Monday, 28 January 2013

Measuring the subjective

Another post inspired by Radio 4....

I was listening to Women's Hour last week, and they were discussing heavy periods (something I thankfully do not suffer from) and the way they were classified as 'heavy'. Without wanting to freak out any male readers I may have, I feel compelled to explain this to make my point - a heavy period was measured by asking women to bring in tampons and pads and measuring the volume of menstruated fluid.

So why I am talking about a condition I don't have when I have plenty of my own to fill a whole blog?

Because now, the MMAS scale is used. It is a simple scale from 0 to 100 that has 6 domains: practical difficulties; social life; family life; work and daily routine; psychological well-being; and physical health. Diagnosis now takes into consideration the impact the symptoms have on these six domains, and it has been used to measure the effect on new treatments in clinical trials (see Prof. Gupta's paper here).

When Professor J. Gupta was being interviewed by Jenni Murray, he talked about how as clinicians, they realised the condition (heavy periods) "had an impact on every decision you made in your life". For most debilitating and complex long-term conditions, that applies.

Measuring a Chiari
It was a very refreshing approach to hear. As a patient with a Chiari malformation, I can identify with how these women used to be treated. Doctors focus on the scan, and the number of millimetres my cerebellum has descended. What they don't look at it the impact even one mm has on ME!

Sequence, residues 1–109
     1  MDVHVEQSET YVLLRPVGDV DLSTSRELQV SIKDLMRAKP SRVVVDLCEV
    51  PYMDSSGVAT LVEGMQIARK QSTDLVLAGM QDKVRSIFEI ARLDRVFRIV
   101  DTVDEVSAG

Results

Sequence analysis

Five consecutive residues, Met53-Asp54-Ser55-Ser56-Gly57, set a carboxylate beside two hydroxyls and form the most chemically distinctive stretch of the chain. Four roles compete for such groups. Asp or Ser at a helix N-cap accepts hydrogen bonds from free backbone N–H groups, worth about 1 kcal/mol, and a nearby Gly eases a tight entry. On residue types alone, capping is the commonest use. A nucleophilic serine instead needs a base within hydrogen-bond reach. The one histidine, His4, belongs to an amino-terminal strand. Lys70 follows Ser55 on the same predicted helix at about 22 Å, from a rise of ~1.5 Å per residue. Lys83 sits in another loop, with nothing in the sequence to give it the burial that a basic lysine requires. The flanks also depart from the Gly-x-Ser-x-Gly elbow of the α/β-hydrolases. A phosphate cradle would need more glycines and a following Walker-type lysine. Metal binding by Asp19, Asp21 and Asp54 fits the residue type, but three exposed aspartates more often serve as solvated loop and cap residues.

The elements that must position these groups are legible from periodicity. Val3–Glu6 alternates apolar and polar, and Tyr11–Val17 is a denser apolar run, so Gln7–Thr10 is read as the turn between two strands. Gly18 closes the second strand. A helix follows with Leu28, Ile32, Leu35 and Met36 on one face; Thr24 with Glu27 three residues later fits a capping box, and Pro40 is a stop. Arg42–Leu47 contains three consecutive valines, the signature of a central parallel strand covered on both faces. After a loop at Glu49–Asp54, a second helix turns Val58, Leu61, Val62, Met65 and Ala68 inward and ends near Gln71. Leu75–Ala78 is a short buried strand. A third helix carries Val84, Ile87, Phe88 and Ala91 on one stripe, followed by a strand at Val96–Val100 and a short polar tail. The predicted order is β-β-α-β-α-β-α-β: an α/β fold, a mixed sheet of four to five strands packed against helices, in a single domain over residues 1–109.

I have alluded to the impact on my life before on this blog (Life Impact Wheel), but my doctors have paid little attention to it.

If they took the same approach, and considered the impact on me and my life, I think they would have a different set of criteria for treating the condition, and in the end would be much more effective in treating me. Knowing my social life suffers as a result of a Chiari isn't going to help anyone find a cure for a Chiari, but it might help the doctor to consider more holistic treatment options such as counselling or occupational therapy to maximise what I can do. While I appreciate my doctors have spent many years becoming experts in my physical health, they are also in a (privileged) position to offer support to improve the other six domains (practical difficulties, social life, family life, work and daily routine, psychological well-being, and physical health) through their colleagues and other healthcare professionals.

Professor J. Gupta was spot on when he said that it "had an impact on every decision you made in your life" - if only other clinicians realised that and looked away from exact mathematical measurements of illnesses and saw value in the subjective measurements of quality of life . . .

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